Steelers re-signing William Gay fits with recent trends

Jared Wickerham

The Steelers got the band back together before the 2010 season, re-signing multiple former players to help get the team back on track after a rough 2009 year. There are some shades of that mentality in the re-signing of cornerback William Gay.

Update: William Gay's new contract with the Steelers is reported to be 3-years/$4.5 million, with a $500,000 signing bonus.

In 2010, the Steelers got the band back together.

They dipped into free agency much more than they usually did, but the guys they brought back in were mostly former Steelers players. Cornerback Bryant McFadden, linebacker Larry Foote, wide receiver Antwaan Randle El and quarterback Byron Leftwich all had at least one Super Bowl ring with the Steelers, and after a disastrous 2009 season, the team looked to get back to the championship mentality; veteran leadership.

It shouldn't be at all surprising, if not slightly ironic, the Steelers are looking to re-sign free agent cornerback William Gay.

Not surprising in the sense they've signed veteran cornerbacks with Steelers ties in the recent past. Slightly ironic because they brought McFadden back to replace Gay as the cornerback opposite Ike Taylor, and the Steelers are deeper now at cornerback than they were then.

That depth, though, is assuming 2012 starter Keenan Lewis is re-signed.

Two schools of thought on the Steelers' interest in Gay as a free agent. One, they're looking to establish depth at a position that was ravaged by injuries at the end of the season. Taylor broke his leg, and as Lewis and Cortez Allen battled nagging injuries, Curtis Brown was thrust in the starting lineup for their Week 14 game against San Diego.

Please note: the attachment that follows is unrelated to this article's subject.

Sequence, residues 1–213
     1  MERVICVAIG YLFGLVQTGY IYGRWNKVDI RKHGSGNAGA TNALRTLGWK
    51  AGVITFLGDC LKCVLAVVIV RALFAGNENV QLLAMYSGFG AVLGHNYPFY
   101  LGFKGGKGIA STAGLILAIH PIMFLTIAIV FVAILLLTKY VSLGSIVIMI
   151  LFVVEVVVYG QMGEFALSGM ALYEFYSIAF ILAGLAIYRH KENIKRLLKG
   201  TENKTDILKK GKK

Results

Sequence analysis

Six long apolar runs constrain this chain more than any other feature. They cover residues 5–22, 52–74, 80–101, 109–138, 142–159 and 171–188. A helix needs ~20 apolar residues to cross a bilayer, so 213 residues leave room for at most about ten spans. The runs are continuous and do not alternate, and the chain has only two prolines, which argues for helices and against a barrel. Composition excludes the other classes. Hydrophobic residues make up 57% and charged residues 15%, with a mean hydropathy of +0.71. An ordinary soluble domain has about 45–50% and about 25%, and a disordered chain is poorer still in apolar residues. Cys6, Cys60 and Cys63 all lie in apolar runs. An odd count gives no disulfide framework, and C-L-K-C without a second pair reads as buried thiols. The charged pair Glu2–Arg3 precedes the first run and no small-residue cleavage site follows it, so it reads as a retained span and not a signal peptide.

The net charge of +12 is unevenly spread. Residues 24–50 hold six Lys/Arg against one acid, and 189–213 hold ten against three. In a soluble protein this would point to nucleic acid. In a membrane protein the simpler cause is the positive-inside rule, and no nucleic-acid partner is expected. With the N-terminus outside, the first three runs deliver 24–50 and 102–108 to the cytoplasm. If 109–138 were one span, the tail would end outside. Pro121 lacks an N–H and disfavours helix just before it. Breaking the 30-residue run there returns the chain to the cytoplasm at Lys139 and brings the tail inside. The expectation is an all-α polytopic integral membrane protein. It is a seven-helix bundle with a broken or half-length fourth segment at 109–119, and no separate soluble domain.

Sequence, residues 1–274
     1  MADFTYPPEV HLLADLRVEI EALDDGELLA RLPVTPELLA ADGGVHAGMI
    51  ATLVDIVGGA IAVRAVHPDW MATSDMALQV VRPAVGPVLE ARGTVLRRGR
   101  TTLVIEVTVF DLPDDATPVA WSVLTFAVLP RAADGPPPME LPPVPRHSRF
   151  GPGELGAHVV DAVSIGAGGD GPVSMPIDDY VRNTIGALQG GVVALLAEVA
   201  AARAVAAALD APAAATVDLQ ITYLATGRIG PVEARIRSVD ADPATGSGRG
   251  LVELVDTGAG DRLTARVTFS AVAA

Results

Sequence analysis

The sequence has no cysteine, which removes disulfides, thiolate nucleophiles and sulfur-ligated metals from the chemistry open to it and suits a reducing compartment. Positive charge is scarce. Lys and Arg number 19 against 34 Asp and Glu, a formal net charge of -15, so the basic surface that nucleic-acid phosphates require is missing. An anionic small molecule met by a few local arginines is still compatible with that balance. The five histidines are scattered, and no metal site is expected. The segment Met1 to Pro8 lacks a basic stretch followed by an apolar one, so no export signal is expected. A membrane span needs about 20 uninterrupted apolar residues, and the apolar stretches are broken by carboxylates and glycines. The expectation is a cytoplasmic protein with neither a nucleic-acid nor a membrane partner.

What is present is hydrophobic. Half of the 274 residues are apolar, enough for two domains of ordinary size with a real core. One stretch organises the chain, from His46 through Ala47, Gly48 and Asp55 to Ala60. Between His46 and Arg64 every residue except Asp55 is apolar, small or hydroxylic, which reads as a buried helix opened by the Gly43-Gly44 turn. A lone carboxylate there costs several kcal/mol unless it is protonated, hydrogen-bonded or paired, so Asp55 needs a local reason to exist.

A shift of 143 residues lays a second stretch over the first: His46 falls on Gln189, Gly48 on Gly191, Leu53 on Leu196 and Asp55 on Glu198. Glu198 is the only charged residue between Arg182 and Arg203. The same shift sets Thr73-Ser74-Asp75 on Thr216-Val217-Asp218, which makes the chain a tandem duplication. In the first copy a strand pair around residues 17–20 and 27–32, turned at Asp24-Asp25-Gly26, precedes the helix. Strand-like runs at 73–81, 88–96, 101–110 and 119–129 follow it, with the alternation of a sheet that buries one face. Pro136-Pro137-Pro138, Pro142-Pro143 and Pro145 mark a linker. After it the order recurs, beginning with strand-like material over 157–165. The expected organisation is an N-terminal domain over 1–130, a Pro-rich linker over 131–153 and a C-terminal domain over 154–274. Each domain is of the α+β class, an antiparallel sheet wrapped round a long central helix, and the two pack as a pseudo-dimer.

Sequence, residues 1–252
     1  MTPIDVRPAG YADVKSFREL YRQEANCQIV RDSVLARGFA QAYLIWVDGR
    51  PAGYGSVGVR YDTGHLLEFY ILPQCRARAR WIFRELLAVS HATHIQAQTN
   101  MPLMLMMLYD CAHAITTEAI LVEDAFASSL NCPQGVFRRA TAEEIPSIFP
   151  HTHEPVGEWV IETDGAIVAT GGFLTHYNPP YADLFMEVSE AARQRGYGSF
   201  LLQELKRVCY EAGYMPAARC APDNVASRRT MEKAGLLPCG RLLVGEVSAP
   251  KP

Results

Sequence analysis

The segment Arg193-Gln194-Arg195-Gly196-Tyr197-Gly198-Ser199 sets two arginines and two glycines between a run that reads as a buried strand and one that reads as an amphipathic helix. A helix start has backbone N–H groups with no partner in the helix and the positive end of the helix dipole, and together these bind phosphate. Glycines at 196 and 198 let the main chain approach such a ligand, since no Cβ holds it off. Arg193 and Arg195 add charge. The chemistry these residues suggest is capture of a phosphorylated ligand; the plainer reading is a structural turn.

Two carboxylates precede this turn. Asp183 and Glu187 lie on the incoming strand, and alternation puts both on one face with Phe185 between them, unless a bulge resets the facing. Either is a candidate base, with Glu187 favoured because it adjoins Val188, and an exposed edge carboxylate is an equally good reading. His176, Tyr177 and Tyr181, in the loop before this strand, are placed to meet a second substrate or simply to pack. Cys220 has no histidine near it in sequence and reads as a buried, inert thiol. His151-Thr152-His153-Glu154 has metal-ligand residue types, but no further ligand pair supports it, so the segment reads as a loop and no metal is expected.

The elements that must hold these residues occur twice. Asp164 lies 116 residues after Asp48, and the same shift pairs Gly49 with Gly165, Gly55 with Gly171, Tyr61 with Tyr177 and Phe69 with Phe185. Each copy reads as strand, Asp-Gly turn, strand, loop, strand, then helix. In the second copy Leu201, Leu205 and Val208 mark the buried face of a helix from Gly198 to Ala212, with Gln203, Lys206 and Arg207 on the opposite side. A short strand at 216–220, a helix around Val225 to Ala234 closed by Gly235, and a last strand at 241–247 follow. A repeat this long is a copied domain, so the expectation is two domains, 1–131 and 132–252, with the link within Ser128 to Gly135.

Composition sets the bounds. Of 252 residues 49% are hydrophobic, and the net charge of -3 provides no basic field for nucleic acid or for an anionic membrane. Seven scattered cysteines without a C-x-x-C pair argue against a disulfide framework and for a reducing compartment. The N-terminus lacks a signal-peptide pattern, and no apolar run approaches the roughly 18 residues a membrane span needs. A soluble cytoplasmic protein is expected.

The result was less than desirable, to put it mildly.

The adage is you can never have too many good cover corners, especially with the massive increase in importance of the slot receiver, and the athletic ability of today's younger tight ends. A team's nickel corner plays as much as other starters among the defense, and is starting to be considered the same way. A team must have three starting-caliber cornerbacks to compete.

Is Gay fairly considered a starting caliber corner? It's a good question. He had a rough 2012 season playing for former Steelers defensive backs coach and current Cardinals defensive coordinator Ray Horton (who is now in the same position with Cleveland). But veteran cornerbacks are vital to any team. Would Gay have been a better option against San Diego? We'll never know, but it would be tough to imagine him giving up more third down completions than Brown did.

The other school of thought is Gay is being brought back to reprise his nickel role of years past, because the team no longer feels confident in their ability to re-sign Lewis. Maybe they never did. Maybe they're simply (and smartly) planning for the worst-case scenario, and Lewis's deal has nothing to do with Gay.

A team's nickel corner plays as much as other starters among the defense, and is starting to be considered the same way. A team must have three starting-caliber cornerbacks to compete.

It's fully possible he signs a non-guaranteed contract, and is given the opportunity to make the team in training camp. While Brown is relatively cheap ($1.2 million over the next two seasons), the comparison could be more fairly Brown vs. Gay instead of Lewis vs. Gay.

The wild card here is the veteran presence. Gay has been primarily a special teams player, a nickel back and has started, covering both inside and out, in Dick LeBeau's defense. While his price will be a bit more expensive, it isn't likely to be much more, and that difference is easily made up in the fact he can be put on the field in Week 1 without worrying about his level of experience.


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